Storge is the love within families, characterized by affection, familiarity, and loyalty. This type of love is considered a natural and instinctual form of love between family members. Unlike some other types of love, storge is often more subdued and doesn’t necessarily involve intense passion or romantic feelings. Instead, it encompasses a strong sense of belonging and commitment to supporting and caring for one another.

ESL teachers can incorporate family-themed discussions, storytelling, or even family tree projects to help students explore the unique dynamics of Storge. Have students share about their family histories and traditions as well as discuss how familial love and values vary across different cultures.

5) Pragma – Enduring Love

Pragma is the mature, enduring love found in long-term relationships. It is characterized by a rational and sensible approach to love and is grounded in practicality and compatibility. Pragma love tends to develop over time as individuals get to know their partners on a deeper level, while aligning their values, lifestyle, and long-term objectives. The focus of pragma love is to stay in love, not just falling in love.

ESL teachers can engage students in discussions about what makes an enduring, successful relationship. Themes of communication, compromise, mutual growth, patience and tolerance may come up as well as other unique ideas your students will have. Brainstorm as a class the different ways to nurture and cultivate pragma love by creating a concept map or word web together.

6) Philautia – Self Love

Philautia encompasses both self-love and self-respect. It emphasizes the importance of taking care of oneself, nurturing one’s well-being, and maintaining a positive self-image. Philautia is considered crucial in fostering overall mental and emotional health, contributing to a balanced and fulfilling life.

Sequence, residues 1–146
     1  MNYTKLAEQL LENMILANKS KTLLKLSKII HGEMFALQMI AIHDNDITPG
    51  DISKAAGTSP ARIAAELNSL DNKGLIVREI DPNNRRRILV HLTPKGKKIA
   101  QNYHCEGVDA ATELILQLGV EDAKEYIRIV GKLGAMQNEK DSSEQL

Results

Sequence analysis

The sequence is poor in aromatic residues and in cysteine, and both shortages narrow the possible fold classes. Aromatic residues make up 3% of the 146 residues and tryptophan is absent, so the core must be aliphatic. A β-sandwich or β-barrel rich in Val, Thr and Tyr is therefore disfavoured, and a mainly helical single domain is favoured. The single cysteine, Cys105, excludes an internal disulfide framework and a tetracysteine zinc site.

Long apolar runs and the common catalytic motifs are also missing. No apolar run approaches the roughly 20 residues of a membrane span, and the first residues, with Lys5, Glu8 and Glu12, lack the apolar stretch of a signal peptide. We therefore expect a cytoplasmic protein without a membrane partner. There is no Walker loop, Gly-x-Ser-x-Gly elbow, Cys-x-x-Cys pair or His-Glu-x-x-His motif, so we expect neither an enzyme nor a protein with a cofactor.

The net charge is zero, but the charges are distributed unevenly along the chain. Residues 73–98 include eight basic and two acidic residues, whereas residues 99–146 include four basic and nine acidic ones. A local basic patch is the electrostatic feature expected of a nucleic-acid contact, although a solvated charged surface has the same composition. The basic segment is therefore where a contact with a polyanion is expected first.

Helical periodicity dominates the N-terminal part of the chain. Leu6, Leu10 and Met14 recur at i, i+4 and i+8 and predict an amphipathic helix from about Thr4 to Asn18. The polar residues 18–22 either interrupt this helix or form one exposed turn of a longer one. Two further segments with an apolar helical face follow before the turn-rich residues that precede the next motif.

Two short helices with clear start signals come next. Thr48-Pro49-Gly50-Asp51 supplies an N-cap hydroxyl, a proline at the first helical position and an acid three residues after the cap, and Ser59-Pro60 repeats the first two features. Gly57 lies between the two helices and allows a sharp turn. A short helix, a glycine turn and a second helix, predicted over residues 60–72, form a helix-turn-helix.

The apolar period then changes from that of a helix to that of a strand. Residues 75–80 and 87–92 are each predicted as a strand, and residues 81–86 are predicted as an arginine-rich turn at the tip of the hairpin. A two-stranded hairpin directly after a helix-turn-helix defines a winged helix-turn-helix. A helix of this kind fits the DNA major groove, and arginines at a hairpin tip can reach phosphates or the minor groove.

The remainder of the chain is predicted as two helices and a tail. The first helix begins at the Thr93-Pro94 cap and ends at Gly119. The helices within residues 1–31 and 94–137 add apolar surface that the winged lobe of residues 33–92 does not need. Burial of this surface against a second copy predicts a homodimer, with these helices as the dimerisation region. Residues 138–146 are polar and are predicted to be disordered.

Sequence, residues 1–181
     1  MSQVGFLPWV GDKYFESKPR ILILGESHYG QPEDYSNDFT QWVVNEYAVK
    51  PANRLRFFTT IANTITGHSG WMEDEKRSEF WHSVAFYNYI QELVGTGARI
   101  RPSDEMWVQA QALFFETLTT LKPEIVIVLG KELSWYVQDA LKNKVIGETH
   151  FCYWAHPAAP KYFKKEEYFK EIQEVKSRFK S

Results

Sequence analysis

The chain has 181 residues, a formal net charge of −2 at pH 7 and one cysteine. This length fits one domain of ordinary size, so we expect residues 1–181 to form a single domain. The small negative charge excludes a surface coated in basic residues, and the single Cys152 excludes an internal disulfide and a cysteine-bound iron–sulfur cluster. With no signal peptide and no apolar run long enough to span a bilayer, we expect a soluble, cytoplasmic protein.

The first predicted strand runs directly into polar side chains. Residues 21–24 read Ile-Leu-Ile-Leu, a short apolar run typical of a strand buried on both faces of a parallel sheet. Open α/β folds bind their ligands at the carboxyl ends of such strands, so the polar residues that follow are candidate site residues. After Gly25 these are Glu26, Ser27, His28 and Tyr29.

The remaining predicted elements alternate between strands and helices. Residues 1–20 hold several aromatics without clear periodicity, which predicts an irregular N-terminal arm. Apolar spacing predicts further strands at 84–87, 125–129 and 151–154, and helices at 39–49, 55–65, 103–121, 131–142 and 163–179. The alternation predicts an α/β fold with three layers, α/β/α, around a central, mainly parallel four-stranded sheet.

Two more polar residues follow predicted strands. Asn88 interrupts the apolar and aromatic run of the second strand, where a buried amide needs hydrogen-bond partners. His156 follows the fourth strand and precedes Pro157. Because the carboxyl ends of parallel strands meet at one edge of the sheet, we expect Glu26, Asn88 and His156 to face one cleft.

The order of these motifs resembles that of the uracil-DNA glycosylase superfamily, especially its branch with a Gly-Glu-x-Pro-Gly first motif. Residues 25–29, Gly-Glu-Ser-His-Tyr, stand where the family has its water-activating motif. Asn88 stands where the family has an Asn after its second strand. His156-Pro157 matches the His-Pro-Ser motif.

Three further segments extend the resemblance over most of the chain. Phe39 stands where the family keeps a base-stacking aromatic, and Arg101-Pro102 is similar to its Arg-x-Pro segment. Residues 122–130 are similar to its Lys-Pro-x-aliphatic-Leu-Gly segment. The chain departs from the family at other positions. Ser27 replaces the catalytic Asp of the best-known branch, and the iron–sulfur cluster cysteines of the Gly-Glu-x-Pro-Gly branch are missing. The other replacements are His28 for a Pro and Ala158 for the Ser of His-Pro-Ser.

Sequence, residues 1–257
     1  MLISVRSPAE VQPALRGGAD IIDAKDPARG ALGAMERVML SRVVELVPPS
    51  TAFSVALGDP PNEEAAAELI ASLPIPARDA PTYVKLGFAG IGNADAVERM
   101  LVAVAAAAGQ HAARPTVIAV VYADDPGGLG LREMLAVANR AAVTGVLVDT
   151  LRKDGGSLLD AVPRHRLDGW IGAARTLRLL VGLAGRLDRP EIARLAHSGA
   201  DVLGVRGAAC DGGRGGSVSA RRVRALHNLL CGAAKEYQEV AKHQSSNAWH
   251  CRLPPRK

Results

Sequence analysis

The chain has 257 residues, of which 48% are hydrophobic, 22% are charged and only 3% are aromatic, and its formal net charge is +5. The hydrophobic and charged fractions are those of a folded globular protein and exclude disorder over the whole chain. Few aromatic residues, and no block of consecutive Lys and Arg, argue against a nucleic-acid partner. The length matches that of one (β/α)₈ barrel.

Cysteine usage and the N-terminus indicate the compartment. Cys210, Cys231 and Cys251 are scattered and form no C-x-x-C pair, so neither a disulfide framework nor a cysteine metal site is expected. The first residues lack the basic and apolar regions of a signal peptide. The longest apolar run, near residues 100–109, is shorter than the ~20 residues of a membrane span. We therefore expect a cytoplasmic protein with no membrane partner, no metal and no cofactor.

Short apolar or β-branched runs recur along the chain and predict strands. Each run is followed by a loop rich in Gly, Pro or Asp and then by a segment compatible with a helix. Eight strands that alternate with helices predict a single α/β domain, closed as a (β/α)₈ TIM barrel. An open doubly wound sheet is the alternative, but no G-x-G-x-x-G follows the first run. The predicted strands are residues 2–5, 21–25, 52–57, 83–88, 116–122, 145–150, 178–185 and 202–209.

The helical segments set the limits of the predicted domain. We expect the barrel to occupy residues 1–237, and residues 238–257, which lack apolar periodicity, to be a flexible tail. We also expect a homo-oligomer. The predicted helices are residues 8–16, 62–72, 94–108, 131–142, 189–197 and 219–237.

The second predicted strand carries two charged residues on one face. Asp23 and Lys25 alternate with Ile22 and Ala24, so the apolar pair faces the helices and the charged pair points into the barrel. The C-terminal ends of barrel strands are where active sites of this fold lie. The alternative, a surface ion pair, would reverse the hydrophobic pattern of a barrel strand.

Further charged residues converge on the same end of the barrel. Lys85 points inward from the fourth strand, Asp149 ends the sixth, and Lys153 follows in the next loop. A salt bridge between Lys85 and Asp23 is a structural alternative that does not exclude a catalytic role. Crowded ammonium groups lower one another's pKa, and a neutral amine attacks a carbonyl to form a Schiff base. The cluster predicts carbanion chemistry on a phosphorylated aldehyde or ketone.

As a heartwarming and reflective exercise, you can ask your ESL students to write a love letter to their former selves. This prompts students to reflect on their personal growth, triumphs, and the lessons learned along the way. By expressing gratitude and appreciation for the person they once were, students not only enhance their language skills but also foster a positive self-image.

7) Ludus – Playful Love

Ludus introduces the element of playfulness and flirtation into the complex landscape of love. Often associated with the initial stages of romantic connections or casual relationships, Ludus captures the excitement and spontaneity that makes love feel like a delightful game. Although Ludus is normally correlated to flirting and teasing in the early stages of a relationship, it can also refer to the playful affection between friends and between children.

An activity you can use in your ESL class is “Speed Dating”. Ask your students to create 5-10 questions they want to ask their classmates. Pair them up and give them five minutes to ask each other those questions. Then, they switch partners. Repeat this until each student has completed this activity with four or five other students.

Are there any other activities you have used in your classroom for Valentine’s Day? Share them in the comments below!

Ellier Leng